United States Department of Homeland Security, a crucial cybersecurity department, has revealed a new system to assist it in recruiting, developing, and retraining cybersecurity professionals across the federal government.
The Department of Homeland Security’s new recruiting system, known as the Cybersecurity Talent Management System (CTMS), goes live amid a tight labor market for cybersecurity specialists, who are in great demand and command high salaries.
Although DHS is only one of the federal departments, it plays a crucial role in reacting to severe cyberattacks for critical infrastructure in the United States. It expects that the new approach will assist it in locating and retaining people for mission-critical tasks, with the goal of filling 150 key positions by 2022.
CTMS will be used first to fill “high-priority” positions at CISA and the DHS Office of the Chief Information Officer. According to DHS, the DHS Cybersecurity Service employment will be available across various DHS organizations with a cybersecurity purpose starting in 2022. The vice president’s pay ($255,800 in 2021) is the highest limit of the CTMS wage range, with an enhanced range of $332,100 in 2021 for use in special circumstances.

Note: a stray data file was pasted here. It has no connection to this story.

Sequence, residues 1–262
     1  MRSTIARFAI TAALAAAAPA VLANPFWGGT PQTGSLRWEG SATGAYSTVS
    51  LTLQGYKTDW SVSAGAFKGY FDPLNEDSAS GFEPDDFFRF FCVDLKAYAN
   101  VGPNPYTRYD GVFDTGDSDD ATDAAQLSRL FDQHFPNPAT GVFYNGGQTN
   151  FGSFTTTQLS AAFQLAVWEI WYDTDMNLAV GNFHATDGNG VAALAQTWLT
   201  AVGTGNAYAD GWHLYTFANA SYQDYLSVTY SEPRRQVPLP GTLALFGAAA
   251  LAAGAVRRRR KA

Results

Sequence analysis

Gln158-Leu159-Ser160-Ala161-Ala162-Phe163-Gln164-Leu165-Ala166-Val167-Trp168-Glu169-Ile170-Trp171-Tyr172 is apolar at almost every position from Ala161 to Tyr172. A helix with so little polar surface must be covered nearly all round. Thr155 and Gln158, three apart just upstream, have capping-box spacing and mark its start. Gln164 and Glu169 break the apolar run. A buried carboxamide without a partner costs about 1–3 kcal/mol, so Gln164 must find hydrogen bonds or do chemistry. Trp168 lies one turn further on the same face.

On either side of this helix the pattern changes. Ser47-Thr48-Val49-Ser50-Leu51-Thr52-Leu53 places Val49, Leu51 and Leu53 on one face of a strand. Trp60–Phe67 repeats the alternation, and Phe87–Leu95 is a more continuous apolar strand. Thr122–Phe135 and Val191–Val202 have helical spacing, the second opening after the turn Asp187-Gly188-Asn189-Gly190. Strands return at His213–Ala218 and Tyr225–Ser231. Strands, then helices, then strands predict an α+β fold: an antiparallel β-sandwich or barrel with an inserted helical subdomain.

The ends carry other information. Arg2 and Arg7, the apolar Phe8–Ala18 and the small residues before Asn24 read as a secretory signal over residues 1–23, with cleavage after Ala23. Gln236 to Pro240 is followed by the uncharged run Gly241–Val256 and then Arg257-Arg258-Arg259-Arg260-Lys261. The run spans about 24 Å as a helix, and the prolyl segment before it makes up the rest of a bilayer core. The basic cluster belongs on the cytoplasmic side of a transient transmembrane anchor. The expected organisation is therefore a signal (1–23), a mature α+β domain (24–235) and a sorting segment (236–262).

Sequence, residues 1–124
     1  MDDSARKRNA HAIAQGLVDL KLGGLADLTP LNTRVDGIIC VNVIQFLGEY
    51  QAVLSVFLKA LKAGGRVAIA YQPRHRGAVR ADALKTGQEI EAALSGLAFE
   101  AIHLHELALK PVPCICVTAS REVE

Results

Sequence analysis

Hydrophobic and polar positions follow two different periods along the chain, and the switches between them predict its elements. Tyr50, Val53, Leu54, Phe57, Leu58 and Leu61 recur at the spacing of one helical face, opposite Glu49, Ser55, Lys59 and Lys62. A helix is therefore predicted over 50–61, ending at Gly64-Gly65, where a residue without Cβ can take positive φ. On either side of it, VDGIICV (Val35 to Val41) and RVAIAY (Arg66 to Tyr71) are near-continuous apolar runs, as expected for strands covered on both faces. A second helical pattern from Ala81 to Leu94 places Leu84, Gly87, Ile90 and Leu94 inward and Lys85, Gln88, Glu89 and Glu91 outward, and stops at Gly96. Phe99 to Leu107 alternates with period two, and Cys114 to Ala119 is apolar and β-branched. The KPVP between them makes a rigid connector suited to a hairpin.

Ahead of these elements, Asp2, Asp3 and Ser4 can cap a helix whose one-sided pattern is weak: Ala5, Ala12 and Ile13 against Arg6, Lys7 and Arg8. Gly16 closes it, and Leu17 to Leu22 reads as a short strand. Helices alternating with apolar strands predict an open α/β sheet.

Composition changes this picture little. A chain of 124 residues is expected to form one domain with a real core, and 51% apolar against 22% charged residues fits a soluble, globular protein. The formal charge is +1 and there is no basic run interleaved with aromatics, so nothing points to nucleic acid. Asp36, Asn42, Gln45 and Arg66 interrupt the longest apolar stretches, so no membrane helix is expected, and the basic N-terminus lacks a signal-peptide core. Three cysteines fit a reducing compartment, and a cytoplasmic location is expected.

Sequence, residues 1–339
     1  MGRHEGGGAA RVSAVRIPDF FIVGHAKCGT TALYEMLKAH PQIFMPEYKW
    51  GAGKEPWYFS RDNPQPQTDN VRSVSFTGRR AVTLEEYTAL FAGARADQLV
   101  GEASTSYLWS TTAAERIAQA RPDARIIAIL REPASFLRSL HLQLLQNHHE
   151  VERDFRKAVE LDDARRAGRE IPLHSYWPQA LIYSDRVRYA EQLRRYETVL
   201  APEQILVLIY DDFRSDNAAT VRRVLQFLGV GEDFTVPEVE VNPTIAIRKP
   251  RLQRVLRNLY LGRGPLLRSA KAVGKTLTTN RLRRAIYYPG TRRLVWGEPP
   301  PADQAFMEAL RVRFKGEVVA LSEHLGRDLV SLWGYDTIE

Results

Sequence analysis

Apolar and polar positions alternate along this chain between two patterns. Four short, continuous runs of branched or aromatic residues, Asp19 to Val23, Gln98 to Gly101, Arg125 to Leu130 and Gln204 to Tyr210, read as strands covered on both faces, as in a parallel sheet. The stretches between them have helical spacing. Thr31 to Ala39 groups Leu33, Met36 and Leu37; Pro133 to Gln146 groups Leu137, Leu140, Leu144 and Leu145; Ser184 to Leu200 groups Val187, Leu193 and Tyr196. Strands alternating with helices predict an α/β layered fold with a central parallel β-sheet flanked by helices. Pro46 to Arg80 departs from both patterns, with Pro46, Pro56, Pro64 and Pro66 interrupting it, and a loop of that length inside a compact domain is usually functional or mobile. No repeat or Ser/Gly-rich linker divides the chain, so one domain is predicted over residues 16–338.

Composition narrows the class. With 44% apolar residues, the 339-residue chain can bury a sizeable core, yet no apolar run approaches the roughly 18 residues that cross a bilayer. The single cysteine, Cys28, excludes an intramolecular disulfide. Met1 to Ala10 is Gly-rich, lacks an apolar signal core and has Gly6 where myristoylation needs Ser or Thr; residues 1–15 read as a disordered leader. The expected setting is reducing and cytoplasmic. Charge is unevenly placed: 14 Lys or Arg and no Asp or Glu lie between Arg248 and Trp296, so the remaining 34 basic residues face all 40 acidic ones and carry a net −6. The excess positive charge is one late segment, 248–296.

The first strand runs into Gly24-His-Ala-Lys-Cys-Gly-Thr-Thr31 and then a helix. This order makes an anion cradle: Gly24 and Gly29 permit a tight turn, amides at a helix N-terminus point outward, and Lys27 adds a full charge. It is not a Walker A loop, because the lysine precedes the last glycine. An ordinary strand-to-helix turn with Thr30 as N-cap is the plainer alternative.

Incident response, vulnerability detection and assessment, risk analysis, networks and systems engineer, intelligence and investigation, forensics, and software assurance are among the cybersecurity professions that DHS is actively hiring for.
According to Alejandro N. Mayorkas, the Secretary of Homeland Security, the CTMS fundamentally re-imagines how the Department selects, develops, and maintains top-tier and diverse cybersecurity talent. We cannot rely only on traditional hiring mechanisms to fill mission-critical openings as our country’s security situation evolves. Our department will be able to effectively compete for cybersecurity personnel and stay nimble enough to satisfy the needs of our essential cybersecurity mission with the help of this new technology.
The Biden-Harris administration prioritized cybersecurity from the start, hiring Anne Neuberger, the United States’ first deputy national security advisor for cyber, to lead government investigations into the SolarWinds and Exchange hacks. Biden’s cybersecurity executive order also gave DHS, namely its Cybersecurity and Infrastructure Security Agency, or CISA, a greater cybersecurity responsibility.